With the season open for the Vikings football side on April 21 against the Dalyellup Dinosaurs, Maguire said the club would love for people to come and get involved.

“We’ll be playing at the North Albany Football Club. It’s going to be a really good match,” he said.

“We’re not just looking for people to come play; we’re also looking for people to come and watch.”

To join any of the Albany Vikings Sporting Club’s teams, contact them via their Facebook page.

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Heroes hit the beach

YOUNG people with autism will get the chance to feel the rush of what it’s like to surf when they spend the day at Ocean Beach this Sunday with Perth-based charity Ocean Heroes.

The group was started by keen surfers Luke Hallam and Sam Moyle two years ago and aims to enhance the lives of people on the autism spectrum through involvement in surfing.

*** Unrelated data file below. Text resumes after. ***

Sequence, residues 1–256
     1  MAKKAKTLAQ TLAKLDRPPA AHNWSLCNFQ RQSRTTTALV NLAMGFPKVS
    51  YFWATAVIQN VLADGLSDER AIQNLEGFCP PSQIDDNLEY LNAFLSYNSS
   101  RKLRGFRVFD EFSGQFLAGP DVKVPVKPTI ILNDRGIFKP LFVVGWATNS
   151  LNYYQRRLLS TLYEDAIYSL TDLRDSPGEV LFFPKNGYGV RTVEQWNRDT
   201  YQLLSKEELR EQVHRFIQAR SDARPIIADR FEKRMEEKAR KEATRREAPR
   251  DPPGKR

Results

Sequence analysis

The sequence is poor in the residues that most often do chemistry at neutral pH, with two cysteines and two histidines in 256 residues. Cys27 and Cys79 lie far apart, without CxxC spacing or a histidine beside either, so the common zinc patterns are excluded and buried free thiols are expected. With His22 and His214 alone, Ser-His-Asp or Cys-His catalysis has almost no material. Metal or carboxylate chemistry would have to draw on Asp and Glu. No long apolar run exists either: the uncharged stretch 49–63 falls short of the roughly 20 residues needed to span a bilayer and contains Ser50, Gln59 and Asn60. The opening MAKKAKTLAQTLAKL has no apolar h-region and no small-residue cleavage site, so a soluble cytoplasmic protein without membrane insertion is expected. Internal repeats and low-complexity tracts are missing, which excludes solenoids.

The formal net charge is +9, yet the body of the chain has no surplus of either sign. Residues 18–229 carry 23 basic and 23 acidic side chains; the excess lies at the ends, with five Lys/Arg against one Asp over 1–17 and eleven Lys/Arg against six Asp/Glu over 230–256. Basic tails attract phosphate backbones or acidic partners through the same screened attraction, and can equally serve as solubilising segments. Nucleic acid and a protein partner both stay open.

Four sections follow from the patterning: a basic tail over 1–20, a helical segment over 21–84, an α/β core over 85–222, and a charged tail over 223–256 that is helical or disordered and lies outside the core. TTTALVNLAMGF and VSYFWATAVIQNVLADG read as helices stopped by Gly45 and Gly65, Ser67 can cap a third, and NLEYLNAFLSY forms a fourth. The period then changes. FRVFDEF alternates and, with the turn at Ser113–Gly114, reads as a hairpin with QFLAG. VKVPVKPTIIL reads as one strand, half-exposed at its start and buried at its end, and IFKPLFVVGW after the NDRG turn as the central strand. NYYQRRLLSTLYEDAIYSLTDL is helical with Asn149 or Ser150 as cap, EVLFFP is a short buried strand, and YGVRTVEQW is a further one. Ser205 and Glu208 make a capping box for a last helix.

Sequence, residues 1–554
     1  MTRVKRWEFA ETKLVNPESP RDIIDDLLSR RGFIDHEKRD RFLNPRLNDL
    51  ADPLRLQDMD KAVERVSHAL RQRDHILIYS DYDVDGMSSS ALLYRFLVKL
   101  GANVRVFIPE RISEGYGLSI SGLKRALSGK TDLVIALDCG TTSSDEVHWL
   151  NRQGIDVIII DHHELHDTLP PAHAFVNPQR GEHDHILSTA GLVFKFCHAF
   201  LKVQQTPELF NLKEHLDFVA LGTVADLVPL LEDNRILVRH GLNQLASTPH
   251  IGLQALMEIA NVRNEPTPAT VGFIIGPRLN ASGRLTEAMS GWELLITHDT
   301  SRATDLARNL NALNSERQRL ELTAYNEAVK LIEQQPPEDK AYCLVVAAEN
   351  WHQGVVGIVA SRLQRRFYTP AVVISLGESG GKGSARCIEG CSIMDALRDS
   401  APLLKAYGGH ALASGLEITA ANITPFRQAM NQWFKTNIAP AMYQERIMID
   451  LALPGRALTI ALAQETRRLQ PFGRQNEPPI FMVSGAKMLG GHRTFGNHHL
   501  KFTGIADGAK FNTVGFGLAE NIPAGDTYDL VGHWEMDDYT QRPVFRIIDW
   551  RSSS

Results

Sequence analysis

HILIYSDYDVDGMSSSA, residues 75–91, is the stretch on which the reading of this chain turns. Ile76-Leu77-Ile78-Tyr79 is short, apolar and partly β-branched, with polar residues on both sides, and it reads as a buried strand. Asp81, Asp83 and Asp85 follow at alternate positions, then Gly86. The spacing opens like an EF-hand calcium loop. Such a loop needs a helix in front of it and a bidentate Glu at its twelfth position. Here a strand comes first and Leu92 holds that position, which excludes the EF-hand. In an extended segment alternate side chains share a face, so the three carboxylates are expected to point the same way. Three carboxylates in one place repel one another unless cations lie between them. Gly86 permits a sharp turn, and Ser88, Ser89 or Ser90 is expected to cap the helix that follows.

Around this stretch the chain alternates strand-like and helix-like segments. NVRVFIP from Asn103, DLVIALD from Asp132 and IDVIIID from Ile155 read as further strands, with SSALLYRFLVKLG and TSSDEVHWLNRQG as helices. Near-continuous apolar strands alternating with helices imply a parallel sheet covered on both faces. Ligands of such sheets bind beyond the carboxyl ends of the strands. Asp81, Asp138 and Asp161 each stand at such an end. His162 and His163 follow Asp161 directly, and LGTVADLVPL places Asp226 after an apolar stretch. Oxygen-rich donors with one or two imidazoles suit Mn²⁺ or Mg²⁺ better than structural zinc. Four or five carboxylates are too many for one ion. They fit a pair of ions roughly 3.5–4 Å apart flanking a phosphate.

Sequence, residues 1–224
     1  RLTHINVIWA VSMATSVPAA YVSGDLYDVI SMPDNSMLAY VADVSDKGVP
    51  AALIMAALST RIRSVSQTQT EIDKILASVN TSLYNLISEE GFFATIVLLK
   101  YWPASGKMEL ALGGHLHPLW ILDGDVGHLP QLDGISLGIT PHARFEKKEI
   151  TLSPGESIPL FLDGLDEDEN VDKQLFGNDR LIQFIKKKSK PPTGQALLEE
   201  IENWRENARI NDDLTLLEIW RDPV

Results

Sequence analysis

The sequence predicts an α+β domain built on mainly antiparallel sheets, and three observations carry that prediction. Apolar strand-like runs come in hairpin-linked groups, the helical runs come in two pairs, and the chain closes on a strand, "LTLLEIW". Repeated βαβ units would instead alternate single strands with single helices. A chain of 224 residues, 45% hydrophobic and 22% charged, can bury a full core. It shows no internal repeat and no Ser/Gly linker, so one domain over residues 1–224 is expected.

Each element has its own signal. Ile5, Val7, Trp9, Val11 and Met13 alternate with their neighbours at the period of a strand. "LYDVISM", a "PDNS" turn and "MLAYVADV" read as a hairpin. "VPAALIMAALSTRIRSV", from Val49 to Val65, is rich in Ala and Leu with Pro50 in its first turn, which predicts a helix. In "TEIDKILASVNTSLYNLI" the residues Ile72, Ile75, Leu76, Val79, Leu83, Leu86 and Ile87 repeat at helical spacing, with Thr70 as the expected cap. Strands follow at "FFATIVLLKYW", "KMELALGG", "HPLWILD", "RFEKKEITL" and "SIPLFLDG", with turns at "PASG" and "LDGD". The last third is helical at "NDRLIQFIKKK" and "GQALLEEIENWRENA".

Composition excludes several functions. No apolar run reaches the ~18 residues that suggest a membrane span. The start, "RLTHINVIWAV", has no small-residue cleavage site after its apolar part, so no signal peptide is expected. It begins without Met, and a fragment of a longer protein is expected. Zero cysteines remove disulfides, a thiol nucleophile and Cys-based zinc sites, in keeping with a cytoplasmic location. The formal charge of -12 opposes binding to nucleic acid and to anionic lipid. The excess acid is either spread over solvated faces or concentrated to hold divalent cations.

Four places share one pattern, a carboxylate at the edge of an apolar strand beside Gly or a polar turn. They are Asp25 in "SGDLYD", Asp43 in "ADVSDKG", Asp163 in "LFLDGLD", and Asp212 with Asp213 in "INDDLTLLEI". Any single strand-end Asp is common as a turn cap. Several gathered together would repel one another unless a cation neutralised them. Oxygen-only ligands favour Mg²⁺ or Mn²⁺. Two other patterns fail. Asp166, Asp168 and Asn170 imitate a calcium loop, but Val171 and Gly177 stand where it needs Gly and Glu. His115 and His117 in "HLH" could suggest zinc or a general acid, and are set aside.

Sunday’s event is their second trip to Denmark and they are optimistic of building on last year’s effort.

“It was a great day, but we just really didn’t have the numbers that we would have liked,” Mr Moyle said.

“I’m hoping that this year there will be more people registering since everyone had such a great time last year.

“Word of mouth spreads the message very quickly that we’re coming, so I’ve got my fingers crossed.”

Mr Moyle said Ocean Heroes was equipped to cater for a wide range of abilities.

“We get people of all sorts of abilities ranging from speaking to non-speaking as well as high and low mobility,” he said.

“Every participant is different and we make sure they all have lots of fun.”

An average session with the Ocean Heroes involves kids learning how to use a surfboard, catch a wave and eventually surf.

“We’ve got these big boards that the kids learn how to stand up on that we do on the sand,” he said.

“Every kid gets a wetsuit and a life jacket that we bring and they get to have an experience that not everyone gets.”

Sunday’s free event starts at 9am at Ocean Beach and registrations can be made via email at info@oceanheroes.com.au.